Monday, November 25, 2013

How to Change the Past

I've fiddled with Hodrick-Prescott trend lines a bit, and one thing I noticed is that they have a sorry kind of foresight. They can predict the future -- but only in hindsight.

I did a post a while ago -- a post named Hindsight, actually -- in which I showed this FRED graph:

Graph #1: Natural Log of the Inflation-Adjusted Change in "Total Credit Market Debt Owed"
Then I showed the same graph in Excel, with a Hodrick Prescott trendline added in:

Graph #2: Same as Graph #1, with Hodrick-Prescott Trend thru 4th Quarter 2007
I stopped the trend line at the high point of the blue line, and wrote:

I stopped the HP calc at that point so that the later decline did not drag down the earlier years' numbers.

So that the later decline did not drag down the earlier years' numbers.

The HP calc is entered in Excel as an "array formula". It takes as input a whole series of FRED data. For Graph #2, I fed it data from 4th Quarter 1952 to 4th Quarter 2007.

For Graph #3, I fed it data from 4th Quarter 1952 to 4th Quarter 2012. That's the only difference.

Graph #3: The Blue Line is the Same as on Graph #2, but the Red Line Continues to 4th Quarter 2012
Notice that the red line no longer reaches up to the high blue peak. The red line bends down early now, around 2004, and begins the plunge while the blue line is still trending up to its high peak. The trend line anticipates the future.

Adding data for the years after 2007 to the Hodrick-Prescott calculation changed the results we got for a few years before 2007. If that's not a sorry kind of foresight, I don't know what is!

Another example, this from A second look at the heteconomist post:

Graph #4: Percent Change in the Non-Federal Portion of TCMDO (blue) and the H-P trend (red)

The red line on Graph #4 is a Hodrick-Prescott trend of the debt data through 2007. Graph #5 shows the same debt data, and the H-P trend again, but this time the trend is based on all the data through 2012:

Graph #5: Same as Graph #4, except the H-P Trend is figured through 2012
On Graph #4 the red line trends upward for the last few years before the 2007 end. On Graph #5 the red line runs flat until about 2004, when it starts to fall.

The decline since 2004 on this graph is the result of figuring in data for 2008-2012. Look at it from the start of 2008, and it appears that the future changes the past.

The Excel files, on Google Drive:

NonFederal Debt Growth.xls for the "Change in Non-Federal Debt" graph.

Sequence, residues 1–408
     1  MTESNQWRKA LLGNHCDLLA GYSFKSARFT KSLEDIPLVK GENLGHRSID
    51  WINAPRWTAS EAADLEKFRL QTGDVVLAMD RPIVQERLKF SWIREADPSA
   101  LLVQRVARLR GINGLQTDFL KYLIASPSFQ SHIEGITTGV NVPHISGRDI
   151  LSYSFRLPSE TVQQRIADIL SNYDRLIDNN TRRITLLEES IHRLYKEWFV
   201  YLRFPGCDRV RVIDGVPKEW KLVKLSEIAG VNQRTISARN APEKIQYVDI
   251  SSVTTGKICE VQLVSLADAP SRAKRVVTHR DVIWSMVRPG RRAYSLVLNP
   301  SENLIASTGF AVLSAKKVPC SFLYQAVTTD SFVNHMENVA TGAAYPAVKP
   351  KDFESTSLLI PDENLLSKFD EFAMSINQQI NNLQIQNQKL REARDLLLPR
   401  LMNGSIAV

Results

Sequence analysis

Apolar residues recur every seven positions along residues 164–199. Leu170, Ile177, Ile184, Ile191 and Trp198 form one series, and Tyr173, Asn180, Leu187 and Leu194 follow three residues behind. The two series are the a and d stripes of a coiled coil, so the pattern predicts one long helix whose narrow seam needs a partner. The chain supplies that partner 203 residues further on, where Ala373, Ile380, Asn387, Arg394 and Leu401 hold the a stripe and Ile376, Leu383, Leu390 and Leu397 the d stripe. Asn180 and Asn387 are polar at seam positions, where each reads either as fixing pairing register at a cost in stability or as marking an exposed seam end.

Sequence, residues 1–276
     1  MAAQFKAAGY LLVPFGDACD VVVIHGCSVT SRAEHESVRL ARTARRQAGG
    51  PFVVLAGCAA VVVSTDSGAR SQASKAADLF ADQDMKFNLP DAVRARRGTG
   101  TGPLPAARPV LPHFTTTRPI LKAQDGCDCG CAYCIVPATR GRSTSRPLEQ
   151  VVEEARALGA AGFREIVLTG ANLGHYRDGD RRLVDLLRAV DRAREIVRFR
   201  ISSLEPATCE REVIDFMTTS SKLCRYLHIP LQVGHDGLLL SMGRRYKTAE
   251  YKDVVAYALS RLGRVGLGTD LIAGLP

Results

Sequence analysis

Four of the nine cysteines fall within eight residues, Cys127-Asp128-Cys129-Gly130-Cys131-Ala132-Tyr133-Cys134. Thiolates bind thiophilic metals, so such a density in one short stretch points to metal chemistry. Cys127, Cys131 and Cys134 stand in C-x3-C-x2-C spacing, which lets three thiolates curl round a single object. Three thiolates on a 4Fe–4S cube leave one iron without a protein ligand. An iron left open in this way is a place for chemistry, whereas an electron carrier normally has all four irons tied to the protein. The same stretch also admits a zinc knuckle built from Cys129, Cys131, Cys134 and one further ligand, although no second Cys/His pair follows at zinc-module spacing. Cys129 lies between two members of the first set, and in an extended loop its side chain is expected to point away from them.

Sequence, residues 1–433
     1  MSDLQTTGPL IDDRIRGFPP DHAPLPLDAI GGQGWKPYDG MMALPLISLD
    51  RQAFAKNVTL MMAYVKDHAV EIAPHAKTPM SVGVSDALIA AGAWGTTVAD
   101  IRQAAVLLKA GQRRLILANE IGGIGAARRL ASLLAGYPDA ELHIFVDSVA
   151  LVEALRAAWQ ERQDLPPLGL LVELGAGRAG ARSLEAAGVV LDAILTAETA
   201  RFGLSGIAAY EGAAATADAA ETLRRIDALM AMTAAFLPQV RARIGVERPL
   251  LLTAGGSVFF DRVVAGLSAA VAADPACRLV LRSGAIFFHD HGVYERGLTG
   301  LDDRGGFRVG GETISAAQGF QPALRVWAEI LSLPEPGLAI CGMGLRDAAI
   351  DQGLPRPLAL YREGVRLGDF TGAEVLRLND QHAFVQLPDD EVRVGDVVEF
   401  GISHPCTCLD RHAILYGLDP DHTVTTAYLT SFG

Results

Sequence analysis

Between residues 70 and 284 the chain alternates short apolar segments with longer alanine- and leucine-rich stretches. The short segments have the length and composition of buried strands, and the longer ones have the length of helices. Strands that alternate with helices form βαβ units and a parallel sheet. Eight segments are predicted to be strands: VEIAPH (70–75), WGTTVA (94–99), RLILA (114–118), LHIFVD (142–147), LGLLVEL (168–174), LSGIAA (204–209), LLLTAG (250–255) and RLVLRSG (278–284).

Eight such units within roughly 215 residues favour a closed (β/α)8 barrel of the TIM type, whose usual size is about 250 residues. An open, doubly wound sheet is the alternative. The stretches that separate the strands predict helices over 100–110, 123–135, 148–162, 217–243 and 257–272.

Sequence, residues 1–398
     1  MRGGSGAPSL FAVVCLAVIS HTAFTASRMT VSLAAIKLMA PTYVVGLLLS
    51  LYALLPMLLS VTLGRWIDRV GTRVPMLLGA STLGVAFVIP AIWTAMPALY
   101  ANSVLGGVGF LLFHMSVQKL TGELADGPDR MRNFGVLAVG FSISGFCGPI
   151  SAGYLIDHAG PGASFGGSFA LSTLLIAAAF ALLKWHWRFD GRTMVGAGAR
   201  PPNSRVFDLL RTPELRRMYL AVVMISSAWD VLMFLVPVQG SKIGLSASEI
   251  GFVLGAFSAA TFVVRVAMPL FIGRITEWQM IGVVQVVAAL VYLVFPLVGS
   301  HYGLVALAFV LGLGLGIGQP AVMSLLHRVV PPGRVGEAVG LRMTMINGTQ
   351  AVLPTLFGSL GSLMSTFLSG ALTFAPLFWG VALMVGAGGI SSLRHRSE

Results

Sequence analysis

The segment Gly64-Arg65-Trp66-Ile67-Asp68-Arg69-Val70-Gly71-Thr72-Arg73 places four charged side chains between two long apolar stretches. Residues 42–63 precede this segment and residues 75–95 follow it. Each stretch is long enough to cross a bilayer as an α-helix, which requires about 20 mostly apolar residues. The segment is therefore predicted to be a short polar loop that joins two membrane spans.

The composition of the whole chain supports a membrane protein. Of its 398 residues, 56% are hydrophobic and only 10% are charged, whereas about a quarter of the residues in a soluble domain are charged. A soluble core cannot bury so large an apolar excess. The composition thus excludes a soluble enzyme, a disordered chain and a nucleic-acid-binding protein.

dTCMDO rel GDPDEF.xls for the "Log of Change in TCMDO" graph.

Both files contain Kurt Annen's VBA code for the Hodrick Prescott calculation.


Jerry said...

I think this is just how a sliding window average works. It looks like it's averaging over maybe an 8-10 year period? If it bothers you, you could stop the red line 4-5 years before you stop the blue line. Because you don't have the data to figure what the red line will really be, yet.

The Arthurian said...

Agreed! I was thinking of following up with a look at moving averages of the blue lines. They would have to be similar to the HP, falling before the blue lines themselves fall.

Some other data could no doubt show early indications of the precipice visible on these debt graphs. But it still strikes me as wrong that the HP filter seems to show early indications that the unfiltered values do not show.

We talked before about how trends don't have to have points of intersection where a change takes place. I think this is typically true for economic forces. If one set of forces remains dominant while another is rising, the result should be a gradual but increasing transition from the one set of forces to the other. Not a crisis point like the blue debt lines show in the above graphs.

In our case the crisis was pretty much a crisis. Rising sets of forces were overlooked by policymakers, or treated as minor impediments in the desired path. But there came a time when the dominant forces could retain their dominance no longer, and the change was then sudden. This is how the world is. But it is not what the HP trend shows.

The Arthurian said...

Also I think it is important to point out the way the HP filter works.